Six people arrested and another who pleaded guilty in Fayetteville this month are part of a dark human trafficking industry that flourishes across North Carolina, police and victims’ advocates say.
Whether it’s because the industry is growing, or because more law enforcement efforts are being made to try to stop it, “The number of cases has climbed every year,” said Vincent Picard, spokesman for the southern region of U.S. Immigration and Customs Enforcement, which includes North Carolina. “We know it’s happening, and it’s happening in every community in every state in the country.”
Human trafficking is the use of force, fraud or coercion to get another person to provide labor or sexual service. In North Carolina, investigators say they see more cases of sex trafficking than labor trafficking, and that victims most often are young women. But they also find cases involving children – male and female victims. Some victims are immigrants who have traveled or been smuggled across borders, while others were born and raised here.
The difference between sex trafficking and prostitution is that prostitutes are older than 18, are in the sex trade willfully and earn money or other payment from the enterprise.
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Many trafficking victims get none of the money paid for their services, and they may be physically restrained or held captive in other ways, such as by threats or the withholding of immigration documents. Others – children, especially, who may have run away from families or foster care – may stay because they crave the attention that the traffickers give them to lure them in the first place. They may have nowhere to go and don’t know how – or whom – to ask for help.
In 2013, the N.C. General Assembly passed the Safe Harbor Law, increasing the penalties for human sex traffickers and their customers, and protecting the victims from being prosecuted as prostitutes.
Last year, ICE got a conviction in the case of Shahid Hassan Muslim, who agents said operated a sex trafficking enterprise in Charlotte and other cities for at least three years. He recruited girls as young as 16 by promising them a loving family if they had none. He then advertised the girls on the Internet, and brutally beat and threatened them to control them.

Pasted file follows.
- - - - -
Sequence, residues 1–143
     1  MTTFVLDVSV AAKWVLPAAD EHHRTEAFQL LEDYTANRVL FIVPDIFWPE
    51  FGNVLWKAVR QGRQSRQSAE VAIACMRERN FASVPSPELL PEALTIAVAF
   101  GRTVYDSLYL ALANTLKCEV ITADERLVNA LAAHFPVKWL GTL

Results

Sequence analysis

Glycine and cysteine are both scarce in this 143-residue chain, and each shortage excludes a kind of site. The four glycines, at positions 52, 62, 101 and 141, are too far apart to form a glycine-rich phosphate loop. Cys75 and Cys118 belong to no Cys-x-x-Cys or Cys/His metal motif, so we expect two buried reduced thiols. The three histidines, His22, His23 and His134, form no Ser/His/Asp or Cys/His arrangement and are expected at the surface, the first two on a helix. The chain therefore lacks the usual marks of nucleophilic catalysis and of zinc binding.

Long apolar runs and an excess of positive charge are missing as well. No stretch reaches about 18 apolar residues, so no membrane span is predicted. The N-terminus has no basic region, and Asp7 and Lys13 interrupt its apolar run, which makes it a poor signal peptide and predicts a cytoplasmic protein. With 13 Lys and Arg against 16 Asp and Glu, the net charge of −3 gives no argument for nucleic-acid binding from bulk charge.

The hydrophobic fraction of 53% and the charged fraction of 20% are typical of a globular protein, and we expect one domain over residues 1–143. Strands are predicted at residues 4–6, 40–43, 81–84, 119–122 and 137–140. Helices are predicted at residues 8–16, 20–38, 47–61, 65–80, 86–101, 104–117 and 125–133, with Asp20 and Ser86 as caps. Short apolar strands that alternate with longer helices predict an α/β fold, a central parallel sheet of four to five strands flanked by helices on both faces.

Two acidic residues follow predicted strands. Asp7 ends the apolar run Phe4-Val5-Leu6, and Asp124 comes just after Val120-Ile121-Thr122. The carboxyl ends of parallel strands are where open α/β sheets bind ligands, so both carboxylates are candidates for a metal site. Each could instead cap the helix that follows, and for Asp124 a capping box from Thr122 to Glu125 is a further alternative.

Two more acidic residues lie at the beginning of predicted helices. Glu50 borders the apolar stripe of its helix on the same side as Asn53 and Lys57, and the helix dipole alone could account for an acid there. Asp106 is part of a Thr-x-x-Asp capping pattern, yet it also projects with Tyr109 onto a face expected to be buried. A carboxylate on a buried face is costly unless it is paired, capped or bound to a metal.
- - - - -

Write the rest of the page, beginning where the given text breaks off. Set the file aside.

Kevin Roughton, a special agent with State Bureau of Investigation’s computer crimes unit in Raleigh, said that when the SBI or other agencies develop cases, they often ask the U.S. attorney in their district to prosecute because federal court has mandatory sentencing. Cases prosecuted in state court, Roughton said, are treated inconsistently across jurisdictions.
“Many times, we’ll see the exact same statutes violated, sometimes identical circumstances, where you have a charge and a conviction of second- or third-degree sexual exploitation of a minor – typically child pornography – and in one jurisdiction you end up with probation and no active jail time,” Roughton said. “In another jurisdiction you end up with an eight- to 10-year sentence.”
Sgt. James Jones of the Cumberland County Sheriff’s Office said his department began pursuing human trafficking cases several years ago, first as an outgrowth of the illegal drug trade.
“Some of the guys who were into selling narcotics sort of expanded into this,” Jones said. “There was a lot of heat on drug dealing and they found they could do this and maybe not get caught, and make a lot of money.”
He said his team has worked dozens of human trafficking cases in the past year, from all corners of the county. Jones and others can’t say whether Cumberland County, home to Fort Bragg and traversed by Interstate 95, has a higher incidence of human trafficking compared with other North Carolina counties or just sees more cases because it has officers dedicated to finding them.
Jones said traffickers often target women and girls who are vulnerable, including those who are homeless or runaways. They may befriend them, provide them shelter and other necessities, drugs if they’re addicted, even shower them with gifts and affection to gain their trust. Gradually, they ask or demand that they work in the sex trade.
One way to reduce sex trafficking is to go after customers, as the Sheriff’s Office did in the six arrests last week. Using websites traffickers are known to frequent, investigators placed an ad for sexual services for sale. When the men responded to it, the investigators posed as a 15-year-old girl.
The men made arrangements to meet for what they thought would be a sexual encounter with the girl at a hotel, and when they texted for her to appear, agents arrested them.
Two of those arrested are soldiers based at Fort Bragg.
Each of the men was charged with soliciting a minor for the purpose of prostitution. They are: Alexis Santos, 18, Randall Jerome Knapp, 41, James Daniel Bradford, 26, and Reginald Bateau, 32, all of Fayetteville; Charles Ray Moore, 50, of West End; and Roberto Carlo Morales-Rivera, 30, of Lumberton.
Also this month, Derek Wayne McKoy of Fayetteville was sentenced to a minimum of five years in prison after pleading guilty to prostituting a minor. McKoy, 25, was arrested last year after investigators found he was advertising and selling the sexual services of a 17-year-old Fayetteville girl. The victim told police McKoy would take her to motel rooms in North and South Carolina to meet with customers.
Kelly Twedell, director of the Fayetteville Dream Center, which helps the victims of human trafficking get shelter, counseling and other services, said she sees about one new victim per month.
Victims can call the National Human Trafficking Resource Center, 888-373-7888, or text BeFree (233733).